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Posts Tagged ‘Janet Mason writer’

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Happy Valentines Day!

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I was delighted to find that this interview was posted.


Where are you from? How has our childhood influenced you as an author?

I grew up in Levittown, a working-class suburb of Philadelphia in the states. The place was a bastion of sameness and it was very difficult there being different, but I did survive and became a writer. I was the first in my family to attend college and you never heard of being a writer as a career aspiration. I always wrote stories – even as a child. I also read a lot – you could call me a bookworm and was tall and loved to climb trees — so I almost actually had my head in the clouds. I also got a very strong work ethic from my upbringing — which came in handy.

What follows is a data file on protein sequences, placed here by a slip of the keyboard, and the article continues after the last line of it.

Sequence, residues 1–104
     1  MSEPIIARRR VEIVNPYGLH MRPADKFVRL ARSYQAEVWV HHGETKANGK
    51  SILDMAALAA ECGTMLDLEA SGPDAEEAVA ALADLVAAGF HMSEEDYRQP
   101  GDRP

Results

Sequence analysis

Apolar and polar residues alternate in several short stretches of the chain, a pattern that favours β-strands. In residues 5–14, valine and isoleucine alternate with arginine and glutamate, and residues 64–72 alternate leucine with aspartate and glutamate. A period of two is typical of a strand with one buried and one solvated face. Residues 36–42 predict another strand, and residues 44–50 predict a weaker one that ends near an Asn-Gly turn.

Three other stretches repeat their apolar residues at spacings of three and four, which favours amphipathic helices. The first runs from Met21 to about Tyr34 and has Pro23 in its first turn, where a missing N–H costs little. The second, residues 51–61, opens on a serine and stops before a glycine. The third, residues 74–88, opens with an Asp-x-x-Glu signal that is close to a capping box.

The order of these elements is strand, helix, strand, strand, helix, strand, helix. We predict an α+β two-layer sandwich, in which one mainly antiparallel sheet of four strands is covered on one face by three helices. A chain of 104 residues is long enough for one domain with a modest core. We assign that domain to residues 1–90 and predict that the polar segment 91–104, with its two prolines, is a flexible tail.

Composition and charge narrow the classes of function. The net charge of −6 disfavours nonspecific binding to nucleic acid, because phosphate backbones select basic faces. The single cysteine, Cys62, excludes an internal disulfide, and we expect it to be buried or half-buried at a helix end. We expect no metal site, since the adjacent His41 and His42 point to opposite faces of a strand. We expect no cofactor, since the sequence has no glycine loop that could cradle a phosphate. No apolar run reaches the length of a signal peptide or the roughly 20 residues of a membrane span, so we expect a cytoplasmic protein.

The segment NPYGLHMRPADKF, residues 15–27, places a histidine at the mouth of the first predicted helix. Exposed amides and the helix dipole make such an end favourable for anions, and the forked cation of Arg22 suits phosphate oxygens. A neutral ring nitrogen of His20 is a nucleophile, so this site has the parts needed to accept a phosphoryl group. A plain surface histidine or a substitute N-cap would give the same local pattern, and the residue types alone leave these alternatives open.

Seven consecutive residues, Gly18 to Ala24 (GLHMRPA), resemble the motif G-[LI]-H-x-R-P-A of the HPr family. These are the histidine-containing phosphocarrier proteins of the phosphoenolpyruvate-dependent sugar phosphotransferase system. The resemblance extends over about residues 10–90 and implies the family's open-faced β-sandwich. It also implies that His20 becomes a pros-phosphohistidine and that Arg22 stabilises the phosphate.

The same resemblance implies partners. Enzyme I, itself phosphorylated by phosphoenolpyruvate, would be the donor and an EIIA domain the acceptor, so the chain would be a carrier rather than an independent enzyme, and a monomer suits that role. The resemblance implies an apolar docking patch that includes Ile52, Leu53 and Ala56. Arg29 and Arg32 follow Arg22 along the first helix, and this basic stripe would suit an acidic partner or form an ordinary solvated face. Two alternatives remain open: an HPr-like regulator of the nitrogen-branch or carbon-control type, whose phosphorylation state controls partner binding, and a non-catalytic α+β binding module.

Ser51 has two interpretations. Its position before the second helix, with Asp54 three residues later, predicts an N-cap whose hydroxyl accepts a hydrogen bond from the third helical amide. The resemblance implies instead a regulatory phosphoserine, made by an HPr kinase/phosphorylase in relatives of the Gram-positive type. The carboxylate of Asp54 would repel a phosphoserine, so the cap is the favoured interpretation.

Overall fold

Where did you go to college and what was your major? What were your career aspirations then?

I went to Temple University in Philadelphia – the same university where I now teach creative writing. I majored in journalism and then worked in the field and then in something called “communications” that included marketing. I worked for nonprofits – one was providing “forever” homes for legally free foster children. In another job, I worked for a nonprofit that provided services to disabled people and to elderly people. Journalism and marketing are actually good backgrounds for a creative writer because I learned how to set and meet deadlines. I also developed a sense of how important marketing is. It’s very important to get your book in front of the potential reader.

I did my own creative writing – nights, weekends, days off — the entire time I was working.

 

To read the entire interview, click here.

 

 

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Happy Thanks Living!

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Many thanks to Vanda for her post on Goodreads responding to my blogpost on “sin.”

read Vanda’s review of my novel THEY, a biblical tale of secret genders(published by Adelaide Books New York/Lisbon) click here.